# Zero-symmetric graph

In the mathematical field of graph theory, a **zero-symmetric graph** is a connected graph in which each vertex has exactly three incident edges and, for each two vertices, there is a unique symmetry taking one vertex to the other. Such a graph is a vertex-transitive graph but cannot be an edge-transitive graph: the number of symmetries equals the number of vertices, too few to take every edge to every other edge.[1]

Graph families defined by their automorphisms | ||||
---|---|---|---|---|

distance-transitive | → | distance-regular | ← | strongly regular |

↓ | ||||

symmetric (arc-transitive) | ← | t-transitive, t ≥ 2 |
skew-symmetric | |

↓ | ||||

_{(if connected)}vertex- and edge-transitive |
→ | edge-transitive and regular | → | edge-transitive |

↓ | ↓ | ↓ | ||

vertex-transitive | → | regular | → | _{(if bipartite)}biregular |

↑ | ||||

Cayley graph | ← | zero-symmetric | asymmetric |

The name for this class of graphs was coined by R. M. Foster in a 1966 letter to H. S. M. Coxeter.[2] These graphs are nowadays referred to as cubic GRR (Graphical Regular Representations). [3]

## Examples

The smallest zero-symmetric graph is a nonplanar graph with 18 vertices.[4] Its LCF notation is [5,−5]^{9}.

Among planar graphs, the truncated cuboctahedral and truncated icosidodecahedral graphs are also zero-symmetric.[5]

These examples are all bipartite graphs. However, there exist larger examples of zero-symmetric graphs that are not bipartite.[6]

These examples also have three different symmetry classes (orbits) of edges. However, there exist zero-symmetric graphs with only two orbits of edges.
The smallest such graph has 20 vertices, with LCF notation [6,6,-6,-6]^{5}.[7]

## Properties

Every finite zero-symmetric graph is a Cayley graph, a property that does not always hold for cubic vertex-transitive graphs more generally and that helps in the solution of combinatorial enumeration tasks concerning zero-symmetric graphs. There are 97687 zero-symmetric graphs on up to 1280 vertices. These graphs form 89% of the cubic Cayley graphs and 88% of all connected vertex-transitive cubic graphs on the same number of vertices.[8]

Unsolved problem in mathematics:Does every finite zero-symmetric graph contain a Hamiltonian cycle? (more unsolved problems in mathematics) |

All known finite connected zero-symmetric graphs contain a Hamiltonian cycle, but it is unknown whether every finite connected zero-symmetric graph is necessarily Hamiltonian.[9] This is a special case of the Lovász conjecture that (with five known exceptions, none of which is zero-symmetric) every finite connected vertex-transitive graph and every finite Cayley graph is Hamiltonian.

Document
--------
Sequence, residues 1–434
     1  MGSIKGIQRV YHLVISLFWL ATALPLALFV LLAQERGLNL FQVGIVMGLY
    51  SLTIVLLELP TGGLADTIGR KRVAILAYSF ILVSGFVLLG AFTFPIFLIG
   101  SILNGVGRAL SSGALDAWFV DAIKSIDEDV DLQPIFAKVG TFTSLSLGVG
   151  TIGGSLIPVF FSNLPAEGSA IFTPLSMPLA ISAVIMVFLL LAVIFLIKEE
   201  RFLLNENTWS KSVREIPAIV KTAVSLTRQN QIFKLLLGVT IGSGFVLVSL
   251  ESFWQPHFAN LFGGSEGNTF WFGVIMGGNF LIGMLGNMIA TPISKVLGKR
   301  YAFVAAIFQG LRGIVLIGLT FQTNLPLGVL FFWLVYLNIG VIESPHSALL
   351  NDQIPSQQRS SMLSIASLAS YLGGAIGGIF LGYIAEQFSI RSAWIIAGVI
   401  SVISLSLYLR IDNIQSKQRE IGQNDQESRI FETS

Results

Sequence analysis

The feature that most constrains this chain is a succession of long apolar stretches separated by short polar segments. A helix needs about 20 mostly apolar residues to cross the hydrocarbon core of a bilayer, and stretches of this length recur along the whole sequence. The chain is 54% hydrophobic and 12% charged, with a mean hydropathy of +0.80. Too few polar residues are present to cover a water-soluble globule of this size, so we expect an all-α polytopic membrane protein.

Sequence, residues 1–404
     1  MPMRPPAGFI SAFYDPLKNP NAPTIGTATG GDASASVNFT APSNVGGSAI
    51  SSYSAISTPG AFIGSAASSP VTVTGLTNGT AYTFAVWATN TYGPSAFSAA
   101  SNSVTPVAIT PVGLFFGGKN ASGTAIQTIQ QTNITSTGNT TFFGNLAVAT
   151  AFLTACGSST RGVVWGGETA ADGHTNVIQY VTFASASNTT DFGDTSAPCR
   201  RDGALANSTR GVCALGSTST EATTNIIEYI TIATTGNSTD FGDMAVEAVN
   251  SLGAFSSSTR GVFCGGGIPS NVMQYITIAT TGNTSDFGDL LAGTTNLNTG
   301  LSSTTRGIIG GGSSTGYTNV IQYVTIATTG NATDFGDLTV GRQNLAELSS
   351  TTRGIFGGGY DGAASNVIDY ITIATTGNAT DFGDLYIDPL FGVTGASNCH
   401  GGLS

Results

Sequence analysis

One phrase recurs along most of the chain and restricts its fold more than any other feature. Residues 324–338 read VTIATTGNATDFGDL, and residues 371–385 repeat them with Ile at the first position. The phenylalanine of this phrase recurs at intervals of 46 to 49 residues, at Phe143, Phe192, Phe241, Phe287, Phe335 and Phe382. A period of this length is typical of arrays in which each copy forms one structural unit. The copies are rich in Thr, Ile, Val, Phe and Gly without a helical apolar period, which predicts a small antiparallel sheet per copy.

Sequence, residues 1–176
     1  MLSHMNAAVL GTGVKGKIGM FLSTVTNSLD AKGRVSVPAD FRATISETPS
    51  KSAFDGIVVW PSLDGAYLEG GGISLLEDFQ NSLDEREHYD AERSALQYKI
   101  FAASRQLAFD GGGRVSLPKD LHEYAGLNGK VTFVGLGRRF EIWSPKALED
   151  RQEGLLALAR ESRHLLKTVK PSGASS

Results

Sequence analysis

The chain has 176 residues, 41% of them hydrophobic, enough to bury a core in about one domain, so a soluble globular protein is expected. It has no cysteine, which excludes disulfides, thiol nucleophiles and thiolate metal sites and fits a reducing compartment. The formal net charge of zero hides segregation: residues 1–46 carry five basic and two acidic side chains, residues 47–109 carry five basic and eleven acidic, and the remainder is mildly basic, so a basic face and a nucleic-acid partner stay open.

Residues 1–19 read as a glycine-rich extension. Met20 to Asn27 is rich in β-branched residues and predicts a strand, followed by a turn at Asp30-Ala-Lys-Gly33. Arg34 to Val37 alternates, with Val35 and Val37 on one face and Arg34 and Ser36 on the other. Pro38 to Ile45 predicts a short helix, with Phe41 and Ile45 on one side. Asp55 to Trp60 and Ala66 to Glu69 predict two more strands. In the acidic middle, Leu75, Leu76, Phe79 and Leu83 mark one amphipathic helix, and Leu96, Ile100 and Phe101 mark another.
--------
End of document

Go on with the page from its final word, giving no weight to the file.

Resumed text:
## See also

- Semi-symmetric graph, graphs that have symmetries between every two edges but not between every two vertices (reversing the roles of edges and vertices in the definition of zero-symmetric graphs)

## References

- Coxeter, Harold Scott MacDonald; Frucht, Roberto; Powers, David L. (1981),
*Zero-symmetric graphs*, Academic Press, Inc. [Harcourt Brace Jovanovich, Publishers], New York-London, ISBN 0-12-194580-4, MR 0658666 - Coxeter, Frucht & Powers (1981), p. ix.
- Lauri, Josef; Scapellato, Raffaele (2003),
*Topics in Graph Automorphisms and Reconstruction*, London Mathematical Society Student Texts, Cambridge University Press, pp. 20–21, ISBN 9780521529037. - Coxeter, Frucht & Powers (1981), Figure 1.1, p. 5.
- Coxeter, Frucht & Powers (1981), pp. 75 and 80.
- Coxeter, Frucht & Powers (1981), p. 55.
- Conder, Marston D. E.; Pisanski, Tomaž; Žitnik, Arjana (2017), "Vertex-transitive graphs and their arc-types",
*Ars Mathematica Contemporanea*,**12**(2): 383–413, arXiv:1505.02029, doi:10.26493/1855-3974.1146.f96, MR 3646702 - Potočnik, Primož; Spiga, Pablo; Verret, Gabriel (2013), "Cubic vertex-transitive graphs on up to 1280 vertices",
*Journal of Symbolic Computation*,**50**: 465–477, arXiv:1201.5317, doi:10.1016/j.jsc.2012.09.002, MR 2996891. - Coxeter, Frucht & Powers (1981), p. 10.